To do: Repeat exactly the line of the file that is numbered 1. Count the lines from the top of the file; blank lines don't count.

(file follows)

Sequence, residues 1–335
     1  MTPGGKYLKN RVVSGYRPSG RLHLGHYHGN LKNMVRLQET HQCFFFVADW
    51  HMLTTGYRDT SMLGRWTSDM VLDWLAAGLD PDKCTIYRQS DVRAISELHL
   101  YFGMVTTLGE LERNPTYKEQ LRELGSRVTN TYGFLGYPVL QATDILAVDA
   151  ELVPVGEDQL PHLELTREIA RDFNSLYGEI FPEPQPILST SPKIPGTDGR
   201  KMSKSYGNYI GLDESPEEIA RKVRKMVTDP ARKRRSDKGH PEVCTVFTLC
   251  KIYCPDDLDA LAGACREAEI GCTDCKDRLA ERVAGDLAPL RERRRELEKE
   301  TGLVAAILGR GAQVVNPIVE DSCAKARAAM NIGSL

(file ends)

Sequence, residues 1–335